EPSRC logo

Details of Grant 

EPSRC Reference: EP/W007517/1
Title: Boron: Beyond the Reagent
Principal Investigator: Lloyd-Jones, Professor G
Other Investigators:
Ingleson, Professor MJ Smith, Professor AD Leach, Dr A G
Thomas, Dr SP McKeown, Professor N Morris, Professor RE
Watson, Dr AJB Zysman-Colman, Professor E
Researcher Co-Investigators:
Project Partners:
AstraZeneca Cambridge Display Technology Ltd (CDT) GlaxoSmithKline plc (GSK)
Kezar Life Sciences Syngenta
Department: Sch of Chemistry
Organisation: University of Edinburgh
Scheme: Programme Grants
Starts: 01 January 2023 Ends: 31 December 2027 Value (£): 5,012,847
EPSRC Research Topic Classifications:
Catalysis & Applied Catalysis Chemical Biology
Chemical Synthetic Methodology Materials Synthesis & Growth
Physical Organic Chemistry
EPSRC Industrial Sector Classifications:
Manufacturing Chemicals
Pharmaceuticals and Biotechnology
Related Grants:
Panel History:
Panel DatePanel NameOutcome
01 Dec 2021 EPSRC Physical Sciences Programme Grant Interview Panel - Dec 2021 Announced
Summary on Grant Application Form
Boron is Earth-abundant, and present in its 'mineral form' in everyday objects, such as glass, detergents, flame-retardants, preservatives, and eye-drops. Boron is also found in 'organic form' in nature, including plant enzymes, and is an essential element in the diets of numerous living species, including ourselves. Inclusion of boron in man-made ('synthetic') organic compounds, often in place of one carbon atom in a chain of carbon atoms, can impart tremendous changes in the properties of a molecule. When these 'borylated' molecules are correctly 'tuned' by having the boron in the 'right place' together with other elements such as nitrogen and oxygen - their new properties can be harnessed to provide compounds with diverse applications. These range from 'smart' materials (e.g., in thin-film displays) through to safe, 'green' and economically advantageous reagents in the production of agrochemicals and pharmaceuticals, and, in another very recently emerging application, in the drug molecules themselves.

Whilst there is no doubt that boron will continue to be a critical element in molecules and materials that are essential to our 21st century existence, the tools to install boron in, and to release boron from, such 'borylated' species have lagged behind the growth of the applications. The carbon-boron bond in borylated molecules can be fickle: on occasion it is fragile and keeping the assembly in place is the challenge. On other occasions it is too robust, resisting release of its organic molecule cargo, except under harsh conditions, where it is impossible to control the outcome. This research programme will tame these molecules to eliminate these gaps. We have assembled a world-class team that combines deep insight from experts in the design, preparation and analysis of borylated molecules, with end-user specialists who will help steer our investigations. Together, we will identify key opportunities and exploit the breakthroughs. With the market for borylated molecules expected to reach $1.7 Billion by 2025, this work will enable multi-scale applications across chemical, materials, and biological sciences, and provide a gateway to future technologies.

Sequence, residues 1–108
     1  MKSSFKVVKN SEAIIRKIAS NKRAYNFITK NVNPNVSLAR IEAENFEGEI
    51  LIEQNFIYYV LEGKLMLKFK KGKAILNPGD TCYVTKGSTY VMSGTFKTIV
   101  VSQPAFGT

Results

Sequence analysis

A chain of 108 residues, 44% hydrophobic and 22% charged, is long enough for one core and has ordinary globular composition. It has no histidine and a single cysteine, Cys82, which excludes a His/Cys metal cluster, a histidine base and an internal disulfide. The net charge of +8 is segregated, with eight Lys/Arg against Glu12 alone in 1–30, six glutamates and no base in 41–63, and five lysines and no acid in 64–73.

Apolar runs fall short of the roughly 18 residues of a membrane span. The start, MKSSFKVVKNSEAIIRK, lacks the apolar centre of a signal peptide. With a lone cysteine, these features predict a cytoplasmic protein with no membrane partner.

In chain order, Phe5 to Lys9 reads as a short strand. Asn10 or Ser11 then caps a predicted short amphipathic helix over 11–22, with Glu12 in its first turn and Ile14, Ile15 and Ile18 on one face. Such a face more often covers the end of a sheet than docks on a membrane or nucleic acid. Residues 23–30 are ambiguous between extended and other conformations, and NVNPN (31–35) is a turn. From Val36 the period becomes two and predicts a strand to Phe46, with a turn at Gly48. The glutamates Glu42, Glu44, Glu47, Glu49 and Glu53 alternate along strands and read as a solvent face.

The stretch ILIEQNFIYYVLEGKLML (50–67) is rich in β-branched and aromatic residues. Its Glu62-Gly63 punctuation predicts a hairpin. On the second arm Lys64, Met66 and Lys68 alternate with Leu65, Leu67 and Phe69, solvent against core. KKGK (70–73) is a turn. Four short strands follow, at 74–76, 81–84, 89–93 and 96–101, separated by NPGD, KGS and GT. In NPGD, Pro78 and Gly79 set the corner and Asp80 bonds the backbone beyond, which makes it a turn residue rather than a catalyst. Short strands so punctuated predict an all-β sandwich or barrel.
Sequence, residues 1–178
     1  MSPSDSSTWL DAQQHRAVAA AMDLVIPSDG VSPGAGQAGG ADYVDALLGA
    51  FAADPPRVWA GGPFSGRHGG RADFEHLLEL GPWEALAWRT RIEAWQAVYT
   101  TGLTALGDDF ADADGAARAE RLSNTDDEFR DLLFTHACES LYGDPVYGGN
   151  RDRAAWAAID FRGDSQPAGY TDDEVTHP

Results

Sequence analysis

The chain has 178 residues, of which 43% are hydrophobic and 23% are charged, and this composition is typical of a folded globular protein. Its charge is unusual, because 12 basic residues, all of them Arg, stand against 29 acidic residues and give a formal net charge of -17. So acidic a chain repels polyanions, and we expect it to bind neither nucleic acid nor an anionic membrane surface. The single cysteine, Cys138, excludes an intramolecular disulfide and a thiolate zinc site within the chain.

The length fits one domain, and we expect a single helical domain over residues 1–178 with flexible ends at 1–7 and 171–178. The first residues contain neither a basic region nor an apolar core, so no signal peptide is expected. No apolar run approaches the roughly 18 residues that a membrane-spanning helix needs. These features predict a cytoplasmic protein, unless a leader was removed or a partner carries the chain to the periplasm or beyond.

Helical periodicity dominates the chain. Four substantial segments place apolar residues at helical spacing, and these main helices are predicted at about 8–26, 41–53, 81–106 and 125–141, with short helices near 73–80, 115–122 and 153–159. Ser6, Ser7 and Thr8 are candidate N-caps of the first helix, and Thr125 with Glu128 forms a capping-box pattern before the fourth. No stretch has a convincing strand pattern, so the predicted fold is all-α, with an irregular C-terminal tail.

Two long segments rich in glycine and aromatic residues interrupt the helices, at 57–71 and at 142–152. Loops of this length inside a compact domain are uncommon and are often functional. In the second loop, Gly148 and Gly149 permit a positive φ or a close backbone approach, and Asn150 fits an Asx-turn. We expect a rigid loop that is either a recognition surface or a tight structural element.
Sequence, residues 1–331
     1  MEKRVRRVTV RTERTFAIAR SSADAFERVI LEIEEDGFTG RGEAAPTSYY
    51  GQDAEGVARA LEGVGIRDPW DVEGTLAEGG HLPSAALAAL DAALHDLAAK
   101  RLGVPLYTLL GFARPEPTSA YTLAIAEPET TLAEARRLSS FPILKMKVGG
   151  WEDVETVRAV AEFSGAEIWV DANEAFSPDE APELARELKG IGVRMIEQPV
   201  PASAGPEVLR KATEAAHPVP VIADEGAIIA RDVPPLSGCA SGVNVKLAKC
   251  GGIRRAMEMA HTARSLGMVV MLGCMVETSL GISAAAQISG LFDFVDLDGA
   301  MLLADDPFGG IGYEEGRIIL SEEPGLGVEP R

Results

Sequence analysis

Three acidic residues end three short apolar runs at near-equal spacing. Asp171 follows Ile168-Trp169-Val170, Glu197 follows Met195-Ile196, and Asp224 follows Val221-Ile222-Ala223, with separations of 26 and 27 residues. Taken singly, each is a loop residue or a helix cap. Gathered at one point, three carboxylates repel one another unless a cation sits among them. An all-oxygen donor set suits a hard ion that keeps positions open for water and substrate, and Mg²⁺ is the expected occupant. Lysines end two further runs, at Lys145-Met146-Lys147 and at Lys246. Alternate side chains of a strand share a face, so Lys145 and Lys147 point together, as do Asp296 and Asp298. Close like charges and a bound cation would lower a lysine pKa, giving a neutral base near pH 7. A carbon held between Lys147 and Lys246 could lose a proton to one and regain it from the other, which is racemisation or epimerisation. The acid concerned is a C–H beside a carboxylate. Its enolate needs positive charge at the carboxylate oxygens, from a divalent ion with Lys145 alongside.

Three divergent, expertise-related, and cross-fertilising research areas will be tackled, directly contributing to EPSRC themes of Healthcare Technologies, Manufacturing the Future, and the Productive and Resilient Nation.

1. In developing borylated medicines, we will discover how to tune the instability of the carbon-boron bond to develop new boron-containing pharmaceuticals. These will resist carbon-boron bond cleavage until they have delivered the borylated pro-drug to the correct location, e.g., a specific organ, and then undergo cleavage to release the active drug in the right place at the right time. This will ensure the optimum concentration at the target, avoiding undesired side-effects, and requiring lower and safer doses.

2. In chemical manufacturing, we will design borylated reagents with switchable (arm/disarm) reactivity. These robust species will be easily prepared, stored and transported, on large scales if required. Yet, when ready for use, on addition of small amount of a 'release' component, the borylated reagent will rapidly switch to its reactive armed form, delivering the organic molecule payload, primed for the manufacturing process. This will reduce waste, increase safety, and allow new processes to be developed.

3. Smart boron-containing materials, used in devices such as OLEDs, need to be able to deliver efficient function and stability over long device lifetimes. This necessitates very high stability in the carbon-boron bond for these applications. We will design and test new borylated building blocks that are immune to 'release' of the organic fragment, under a wide range of operating conditions. This will broaden the conditions that the devices will tolerate and increase their application scope.

Key Findings
This information can now be found on Gateway to Research (GtR) http://gtr.rcuk.ac.uk
Potential use in non-academic contexts
This information can now be found on Gateway to Research (GtR) http://gtr.rcuk.ac.uk
Impacts
Description This information can now be found on Gateway to Research (GtR) http://gtr.rcuk.ac.uk
Summary
Date Materialised
Sectors submitted by the Researcher
This information can now be found on Gateway to Research (GtR) http://gtr.rcuk.ac.uk
Project URL:  
Further Information:  
Organisation Website: http://www.ed.ac.uk